There are some socio-cultural factors that shape marriages in Plateau and Kaduna states. Daily Trust reports that some would-be grooms who cannot afford the long list of items required before marriage remain bachelors.
In southern Kaduna, our correspondent was told that in many tribes found in eight local government areas—Kaura, Jema’a, Zangon Kataf, Kauru, Sanga, Kagarko, Jaba and Kachia—marriage ceremonies begin when the groom’s family visits the bride’s.
Gambo Waziri, who hails from the Ikulu tribe of Zangon Kataf, said, “During the visit, the spokesman of the family would introduce his kinsmen and explain their intention, after which the prospective bride would be invited and asked if she knows the visitors. If she says yes, then she would be asked if they should be accepted. If she says yes, then her family would ask the groom’s family to drop something as evidence. Some give wrapper, kola, and now, Christians also present bible.”
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He further said that during the second visit, the bride’s family presents a list, which includes dowry, salt, red oil, goats and drinks. Waziri said the Ikulu dowry has never been high, but the items on the list and other things like food and full leg of a cow, box and clothing must be provided a day to the wedding.
He added that although the process is almost the same in southern Kaduna, the quantity of items differ from tribe to tribe or clan to clan.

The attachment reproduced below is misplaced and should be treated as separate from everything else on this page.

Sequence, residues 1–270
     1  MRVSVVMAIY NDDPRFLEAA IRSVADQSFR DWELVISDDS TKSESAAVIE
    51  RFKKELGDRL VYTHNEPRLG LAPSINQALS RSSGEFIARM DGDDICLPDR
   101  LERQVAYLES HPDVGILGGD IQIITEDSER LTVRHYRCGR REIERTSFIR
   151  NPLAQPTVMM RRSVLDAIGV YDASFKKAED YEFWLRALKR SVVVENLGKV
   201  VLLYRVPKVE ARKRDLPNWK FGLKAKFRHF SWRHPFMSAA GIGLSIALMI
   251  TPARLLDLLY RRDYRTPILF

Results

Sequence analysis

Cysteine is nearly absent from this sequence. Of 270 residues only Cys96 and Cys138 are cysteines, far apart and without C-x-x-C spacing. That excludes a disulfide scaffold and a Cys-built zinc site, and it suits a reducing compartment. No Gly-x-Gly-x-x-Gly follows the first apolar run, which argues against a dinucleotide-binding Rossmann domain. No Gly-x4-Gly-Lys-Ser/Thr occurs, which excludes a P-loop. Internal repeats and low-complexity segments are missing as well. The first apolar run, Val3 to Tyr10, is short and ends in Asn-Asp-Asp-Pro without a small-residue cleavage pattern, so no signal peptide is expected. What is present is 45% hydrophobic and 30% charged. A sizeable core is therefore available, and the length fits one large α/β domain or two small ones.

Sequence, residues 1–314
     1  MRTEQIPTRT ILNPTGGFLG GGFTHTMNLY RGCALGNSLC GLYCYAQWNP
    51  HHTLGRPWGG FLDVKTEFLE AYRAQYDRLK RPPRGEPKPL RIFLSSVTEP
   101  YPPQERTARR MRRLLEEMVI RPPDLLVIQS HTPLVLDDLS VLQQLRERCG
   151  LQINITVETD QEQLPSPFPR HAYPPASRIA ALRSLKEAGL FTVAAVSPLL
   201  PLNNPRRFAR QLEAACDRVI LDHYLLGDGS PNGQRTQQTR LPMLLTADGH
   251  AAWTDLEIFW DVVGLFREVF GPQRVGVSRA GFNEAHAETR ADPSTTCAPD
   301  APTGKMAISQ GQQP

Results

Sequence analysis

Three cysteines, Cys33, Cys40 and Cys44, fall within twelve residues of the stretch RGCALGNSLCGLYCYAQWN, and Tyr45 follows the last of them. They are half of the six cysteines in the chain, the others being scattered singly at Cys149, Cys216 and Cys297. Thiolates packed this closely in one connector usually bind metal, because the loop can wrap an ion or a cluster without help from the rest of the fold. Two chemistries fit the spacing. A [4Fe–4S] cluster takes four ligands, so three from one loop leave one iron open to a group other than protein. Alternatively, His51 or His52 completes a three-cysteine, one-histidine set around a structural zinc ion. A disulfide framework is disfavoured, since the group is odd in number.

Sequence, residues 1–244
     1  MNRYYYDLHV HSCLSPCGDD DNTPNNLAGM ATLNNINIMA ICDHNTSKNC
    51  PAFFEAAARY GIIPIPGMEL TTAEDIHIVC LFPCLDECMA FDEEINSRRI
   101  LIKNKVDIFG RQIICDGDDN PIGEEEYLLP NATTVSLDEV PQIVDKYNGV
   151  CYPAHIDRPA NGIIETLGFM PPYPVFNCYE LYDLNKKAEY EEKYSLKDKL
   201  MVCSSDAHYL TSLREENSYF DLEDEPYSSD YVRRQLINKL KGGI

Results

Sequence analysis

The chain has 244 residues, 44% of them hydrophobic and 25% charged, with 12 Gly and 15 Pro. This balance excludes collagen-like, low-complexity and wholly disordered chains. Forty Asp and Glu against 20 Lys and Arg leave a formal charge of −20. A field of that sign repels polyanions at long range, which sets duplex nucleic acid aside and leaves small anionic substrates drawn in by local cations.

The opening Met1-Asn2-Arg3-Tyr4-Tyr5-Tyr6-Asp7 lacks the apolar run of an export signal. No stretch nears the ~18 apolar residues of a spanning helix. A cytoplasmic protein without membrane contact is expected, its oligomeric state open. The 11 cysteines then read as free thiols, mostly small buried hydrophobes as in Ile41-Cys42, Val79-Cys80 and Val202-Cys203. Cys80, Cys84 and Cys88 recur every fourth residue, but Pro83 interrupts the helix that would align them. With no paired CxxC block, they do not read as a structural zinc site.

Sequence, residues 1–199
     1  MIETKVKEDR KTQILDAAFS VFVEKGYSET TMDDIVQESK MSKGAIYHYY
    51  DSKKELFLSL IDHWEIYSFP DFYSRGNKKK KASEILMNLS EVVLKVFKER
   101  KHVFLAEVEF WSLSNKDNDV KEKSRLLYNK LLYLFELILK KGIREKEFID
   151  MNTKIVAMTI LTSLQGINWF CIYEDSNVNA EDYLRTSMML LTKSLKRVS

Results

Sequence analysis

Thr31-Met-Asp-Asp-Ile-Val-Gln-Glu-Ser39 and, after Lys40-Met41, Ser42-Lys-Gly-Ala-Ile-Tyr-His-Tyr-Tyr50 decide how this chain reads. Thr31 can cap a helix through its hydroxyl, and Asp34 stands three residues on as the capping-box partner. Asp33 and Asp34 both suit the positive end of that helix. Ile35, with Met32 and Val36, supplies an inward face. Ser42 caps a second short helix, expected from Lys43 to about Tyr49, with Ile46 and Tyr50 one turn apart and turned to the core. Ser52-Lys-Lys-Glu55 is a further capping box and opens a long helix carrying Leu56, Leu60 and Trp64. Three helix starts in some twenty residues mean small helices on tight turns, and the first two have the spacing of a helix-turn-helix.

Recounting his experience, Joseph Ezekiel said that apart from paying N50,000 as dowry for his wife, who hails from Nkyob, he spent a lot on other items like food and clothing.
“The wedding items include chickens, goats, cartons of Maggi cube, gallons of 25 liters of palm oil and groundnut oil, crates of soda and malt drinks, N20,000 for wine, 15 bags of salt, soap and lotions, half bag of rice, cow leg, 15 yards of brocade,” he said.
But Waziri said that at Ikulu, a prospective groom is required to present not less than 15 bags of salt, Maggi cubes, 50 litres of red oil and vegetable oil, five goats, many crates of malt, beer and soft drinks.
“The money paid is high. This majorly include the dowry, giving money to the family for several rites, such as Kudin Hawa Daki, Kudin Gyaran Daki and Kudin Kitso.
“At present, there’s someone who cannot afford it and he is trying to back out. After he paid all these, they brought out a new list with similar demands, and being an orphan, he told me that he could not afford it. And his prospective in-laws are not willing to have a rethink,” he said.
Also, Mr Bayei Augustine from Kauru Local Government Area told our correspondent that marriage is not expensive in his tribe, Chawai, adding, however, that traditional rites vary from one community to another.
“First, an investigation into the background of both families is carried out to ensure that their children do not enter into the ‘wrong hands.’ If both families are satisfied, a day will be fixed for a meeting, during which a list of items for the marriage will be given to the groom’s family, including two goats, salt, local spice and potash,” he said.